Neglected Oil Giant Seeks to Regain Former GloryThu, 07/18/2019 - 11:14
Although exploratory activities in the 1970s strengthened Tabasco’s position as an oil-producing state, the end of the oil boom in the 1990s relegated the state to a neglected position in the federal development plan. Now, Tabasco seeks to regain its position and become Mexico’s energy capital mainly through one of President López Obrador’s flagship projects: the Dos Bocas refinery in the Paraiso municipality.
Closing the first day of Mexico Oil & Gas Summit at the Sheraton Maria Isabel hotel in Mexico City, José Antonio de la Vega, Minister for Energy Development of the State of Tabasco, outlined his administration’s strategy to take Tabasco back to its leading position in the oil and gas industry. “Our goal is to become a key center for oil production and an oil development model for all kinds of fields – onshore, shallow water and deepwater,” he said.
According to de la Vega, Tabasco is still an important player in the oil and gas scene. Out of the 111 areas adjudicated through bidding contracts to private companies, 39 are located in Tabasco. The state expects direct investment of US$1.7 billion and de la Vega highlighted projects from leading oil and gas players ENI, Hokchi and Talos Energy as success stories for the state’s oil and gas development. From the public sector, Tabasco expects to receive part of the MX$50 billion (US$2.6 billion) budget that PEMEX will destine for E&P activities in 17 fields, most of which are located in the state.
However, the big opportunity will come from the construction of the Dos Bocas refinery in the Paraiso municipality. “The project will require an investment of MX$150 billion (US$7.9 billion), will generate 100,000 jobs and will have a capacity for 340Mb/d,” said de la Vega. Conditioning of the Dos Bocas port has already started and de la Vega said six packages have already been tendered for the construction of the refinery, all of them won by foreign companies except for one won by ICA in collaboration with Fluor.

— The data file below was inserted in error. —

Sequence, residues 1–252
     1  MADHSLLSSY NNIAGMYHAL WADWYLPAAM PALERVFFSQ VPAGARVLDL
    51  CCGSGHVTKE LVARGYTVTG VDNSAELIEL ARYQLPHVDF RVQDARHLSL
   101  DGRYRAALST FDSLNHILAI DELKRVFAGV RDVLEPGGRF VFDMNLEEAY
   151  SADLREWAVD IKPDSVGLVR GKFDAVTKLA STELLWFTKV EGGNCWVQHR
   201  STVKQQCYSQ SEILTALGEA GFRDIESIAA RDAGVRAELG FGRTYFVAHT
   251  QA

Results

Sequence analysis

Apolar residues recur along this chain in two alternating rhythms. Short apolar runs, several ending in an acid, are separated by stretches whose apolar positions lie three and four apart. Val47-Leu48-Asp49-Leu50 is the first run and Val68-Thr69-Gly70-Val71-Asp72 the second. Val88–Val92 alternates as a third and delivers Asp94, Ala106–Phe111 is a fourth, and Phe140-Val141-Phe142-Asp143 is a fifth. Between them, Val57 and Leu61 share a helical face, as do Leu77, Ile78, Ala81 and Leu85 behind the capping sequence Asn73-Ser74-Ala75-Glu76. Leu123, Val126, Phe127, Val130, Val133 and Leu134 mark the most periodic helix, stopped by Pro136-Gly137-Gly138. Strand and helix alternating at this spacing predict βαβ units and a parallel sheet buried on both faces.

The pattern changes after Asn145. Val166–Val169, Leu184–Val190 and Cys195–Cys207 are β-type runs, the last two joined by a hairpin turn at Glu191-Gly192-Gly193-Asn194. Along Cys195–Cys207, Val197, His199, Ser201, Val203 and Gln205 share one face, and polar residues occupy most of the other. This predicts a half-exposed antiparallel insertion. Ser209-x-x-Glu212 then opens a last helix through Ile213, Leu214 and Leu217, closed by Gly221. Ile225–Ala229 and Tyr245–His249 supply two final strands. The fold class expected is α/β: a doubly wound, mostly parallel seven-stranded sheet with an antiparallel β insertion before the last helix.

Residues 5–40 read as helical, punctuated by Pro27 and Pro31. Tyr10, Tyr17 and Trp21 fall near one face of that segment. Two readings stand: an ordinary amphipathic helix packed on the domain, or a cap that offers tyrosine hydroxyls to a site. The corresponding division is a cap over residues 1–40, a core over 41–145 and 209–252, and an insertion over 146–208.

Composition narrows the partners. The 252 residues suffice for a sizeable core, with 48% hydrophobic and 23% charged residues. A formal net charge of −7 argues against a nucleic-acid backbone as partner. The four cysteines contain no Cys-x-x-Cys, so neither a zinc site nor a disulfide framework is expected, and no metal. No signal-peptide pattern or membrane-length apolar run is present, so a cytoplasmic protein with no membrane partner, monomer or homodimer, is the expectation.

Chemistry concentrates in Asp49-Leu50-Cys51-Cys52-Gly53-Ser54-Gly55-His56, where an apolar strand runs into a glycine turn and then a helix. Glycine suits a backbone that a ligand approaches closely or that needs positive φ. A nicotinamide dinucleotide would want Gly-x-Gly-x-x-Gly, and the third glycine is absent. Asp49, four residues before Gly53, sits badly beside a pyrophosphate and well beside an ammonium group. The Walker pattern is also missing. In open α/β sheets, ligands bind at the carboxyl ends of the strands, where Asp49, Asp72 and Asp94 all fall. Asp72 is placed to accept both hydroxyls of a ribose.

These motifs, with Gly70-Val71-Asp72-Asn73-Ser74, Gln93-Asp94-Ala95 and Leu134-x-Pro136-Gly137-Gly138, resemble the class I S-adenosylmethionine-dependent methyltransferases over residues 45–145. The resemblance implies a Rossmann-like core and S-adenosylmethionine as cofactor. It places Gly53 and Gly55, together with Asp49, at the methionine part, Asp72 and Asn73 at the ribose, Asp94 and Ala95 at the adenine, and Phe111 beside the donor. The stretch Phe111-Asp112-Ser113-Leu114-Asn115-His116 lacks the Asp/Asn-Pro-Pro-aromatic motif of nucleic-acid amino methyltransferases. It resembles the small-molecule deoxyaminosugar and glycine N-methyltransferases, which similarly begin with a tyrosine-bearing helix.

De la Vega expects the refinery will bring better days for Tabasco and said the government is already preparing for related investments in terms of infrastructure, real estate, water and waste management to support the project, including a bypass for the city of Paraiso. The state government also has the priority of fighting corruption, boosting social development and solving the security issues hindering private companies’ and PEMEX’s development.
At the same time, there is a project to develop the port Frontera between Dos Bocas and Ciudad del Carmen to boost oil and gas trading activities, as well as serve shallow and deepwater oil rigs in the area. “The state government is already in talks with PEMEX to advance this project. Refineries will require hydrocarbons that are not currently produced by PEMEX, which means we need investment in ports to ensure the energy sovereignty sought by the government,” said de la Vega.
Tabasco is also aware of the changes in energy and sustainability strategies. “Even though hydrocarbons are a bet for the state, we cannot deny that new technologies are the future in terms of efficiency and environmental development,” said de la Vega. The state is considering other projects in wind, hydraulic, biomass and solar energy that can lead to the generation of 2,000MW. “We want to accompany President López Obrador in the transformation of the southeast into an empire of progress and development,” he said.